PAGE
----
Breastfeeding or formula feeding should continue until your baby is 12 months old. After that, water and cow’s milk should be your baby’s main drinks. Some babies can have an intollerance or allergy to cow’s milk, so they may need an alternative, such as soy. Follow your doctor’s or allergy specialist’s advice and read food labels carefully.
Breastfeeding can continue for as long as you and your baby are happy to keep going, but infant formula is not needed after 12 months.
Read more about balancing solids with milk feeds.
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Tips For Getting Started
How Do I Determine The Best Baby Food Portion Sizes
General serving size recommendations can be helpful, but remember that every baby is different. Its perfectly normal for your little eater to chow down one day and clamp her tiny mouth shut the next.
Try not to worry if your cuties appetite isnt always exactly the same, or if what she chooses to eat doesnt quite match up with the recommended servings.
Forcing your baby to eat when shes not interested isnt fun for either of you, and over time, it can make it harder for her to tune in to her bodys natural hunger and fullness cues.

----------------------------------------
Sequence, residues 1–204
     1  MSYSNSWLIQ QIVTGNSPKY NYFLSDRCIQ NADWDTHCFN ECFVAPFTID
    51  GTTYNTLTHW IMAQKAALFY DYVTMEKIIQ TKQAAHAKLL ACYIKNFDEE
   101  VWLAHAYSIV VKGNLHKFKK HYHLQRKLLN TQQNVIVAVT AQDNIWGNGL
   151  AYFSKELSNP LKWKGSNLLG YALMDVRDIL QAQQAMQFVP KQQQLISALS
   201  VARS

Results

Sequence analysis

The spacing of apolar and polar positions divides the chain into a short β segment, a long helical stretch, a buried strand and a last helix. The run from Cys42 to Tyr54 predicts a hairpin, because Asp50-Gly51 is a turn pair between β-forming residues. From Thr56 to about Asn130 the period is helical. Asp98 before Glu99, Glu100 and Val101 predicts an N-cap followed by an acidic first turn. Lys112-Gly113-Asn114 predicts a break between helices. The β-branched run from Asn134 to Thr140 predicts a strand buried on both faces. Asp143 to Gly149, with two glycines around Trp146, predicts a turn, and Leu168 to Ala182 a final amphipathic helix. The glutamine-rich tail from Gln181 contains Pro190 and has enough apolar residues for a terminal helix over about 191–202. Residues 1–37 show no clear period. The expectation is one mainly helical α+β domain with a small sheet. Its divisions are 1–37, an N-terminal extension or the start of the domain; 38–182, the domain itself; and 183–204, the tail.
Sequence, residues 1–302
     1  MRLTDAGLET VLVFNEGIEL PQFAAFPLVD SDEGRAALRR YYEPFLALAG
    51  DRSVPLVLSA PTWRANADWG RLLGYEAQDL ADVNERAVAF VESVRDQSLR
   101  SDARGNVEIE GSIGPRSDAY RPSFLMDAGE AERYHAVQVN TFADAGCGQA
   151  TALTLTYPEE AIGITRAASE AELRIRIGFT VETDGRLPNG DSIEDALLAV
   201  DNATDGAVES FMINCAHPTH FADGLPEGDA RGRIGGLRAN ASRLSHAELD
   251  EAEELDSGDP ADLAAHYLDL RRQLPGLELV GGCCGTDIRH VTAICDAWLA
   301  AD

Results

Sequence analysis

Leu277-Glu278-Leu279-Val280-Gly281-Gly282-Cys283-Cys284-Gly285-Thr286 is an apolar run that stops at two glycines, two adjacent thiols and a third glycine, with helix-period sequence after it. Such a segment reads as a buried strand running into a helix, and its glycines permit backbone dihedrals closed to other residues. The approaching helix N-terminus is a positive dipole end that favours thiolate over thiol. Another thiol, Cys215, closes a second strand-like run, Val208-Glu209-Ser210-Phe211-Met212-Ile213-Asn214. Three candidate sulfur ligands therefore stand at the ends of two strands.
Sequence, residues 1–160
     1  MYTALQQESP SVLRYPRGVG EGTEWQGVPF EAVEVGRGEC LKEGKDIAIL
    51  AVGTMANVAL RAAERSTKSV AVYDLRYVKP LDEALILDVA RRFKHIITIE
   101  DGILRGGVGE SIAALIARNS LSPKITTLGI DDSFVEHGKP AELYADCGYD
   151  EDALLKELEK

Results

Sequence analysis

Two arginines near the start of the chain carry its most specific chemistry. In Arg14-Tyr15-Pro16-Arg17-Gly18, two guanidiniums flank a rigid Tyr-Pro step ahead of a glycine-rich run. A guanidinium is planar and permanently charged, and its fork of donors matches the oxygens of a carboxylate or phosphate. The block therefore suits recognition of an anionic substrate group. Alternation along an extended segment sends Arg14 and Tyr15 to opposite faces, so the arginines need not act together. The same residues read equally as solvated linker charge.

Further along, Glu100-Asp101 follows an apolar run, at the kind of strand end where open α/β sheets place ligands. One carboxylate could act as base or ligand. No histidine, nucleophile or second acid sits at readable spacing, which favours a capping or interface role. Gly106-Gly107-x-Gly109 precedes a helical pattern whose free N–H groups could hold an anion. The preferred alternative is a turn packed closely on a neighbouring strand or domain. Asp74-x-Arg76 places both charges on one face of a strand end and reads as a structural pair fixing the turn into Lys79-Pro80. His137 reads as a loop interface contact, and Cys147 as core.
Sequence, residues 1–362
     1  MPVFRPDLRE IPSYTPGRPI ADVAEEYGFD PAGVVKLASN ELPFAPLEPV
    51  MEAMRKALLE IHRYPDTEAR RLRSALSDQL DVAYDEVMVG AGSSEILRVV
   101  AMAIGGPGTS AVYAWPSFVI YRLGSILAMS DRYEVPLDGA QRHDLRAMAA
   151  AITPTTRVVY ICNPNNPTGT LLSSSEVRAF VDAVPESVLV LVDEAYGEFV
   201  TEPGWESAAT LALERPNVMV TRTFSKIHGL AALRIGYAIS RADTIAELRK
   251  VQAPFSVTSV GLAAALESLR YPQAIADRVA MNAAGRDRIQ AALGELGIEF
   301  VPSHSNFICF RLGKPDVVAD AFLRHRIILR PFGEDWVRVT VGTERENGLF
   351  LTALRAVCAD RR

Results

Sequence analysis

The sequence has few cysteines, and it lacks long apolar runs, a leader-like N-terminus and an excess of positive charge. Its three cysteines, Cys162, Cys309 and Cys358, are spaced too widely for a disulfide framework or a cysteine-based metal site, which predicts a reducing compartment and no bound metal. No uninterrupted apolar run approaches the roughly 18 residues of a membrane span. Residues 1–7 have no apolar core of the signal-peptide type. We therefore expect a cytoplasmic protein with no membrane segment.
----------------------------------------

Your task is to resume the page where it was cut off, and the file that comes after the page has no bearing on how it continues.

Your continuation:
Instead, focus simply on offering a variety of nutrient-rich foods in age-appropriate serving sizes and letting your little one take it from there. Your new nosher has the ability to take in what her body is asking for.
As long as youre offering balanced options, shell likely get what she needs over the course of the day or week.
On the other hand? Trust your gut. Talk with the pediatrician if you suspect that your baby has a feeding issue, seems uncomfortable or unusually fussy after eating, or doesnt seem to be gaining weight as she should be. Together, you can figure out whats going on and make mealtime more enjoyable.
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Signs Your Baby Is Ready For Solid Foods
Between 17 and 26 weeks , your baby may begin to show some signs they are ready for weaning. Your baby should show more than 1 of these signs before you think about introducing solid foods, especially if they are 17 weeks.
Signs your baby is ready for solid food:
- Able to sit up with support and can control their head movements.
- Co-ordination between their eyes, hands and mouth – they can look at food, pick it up and put it in their mouth by themselves.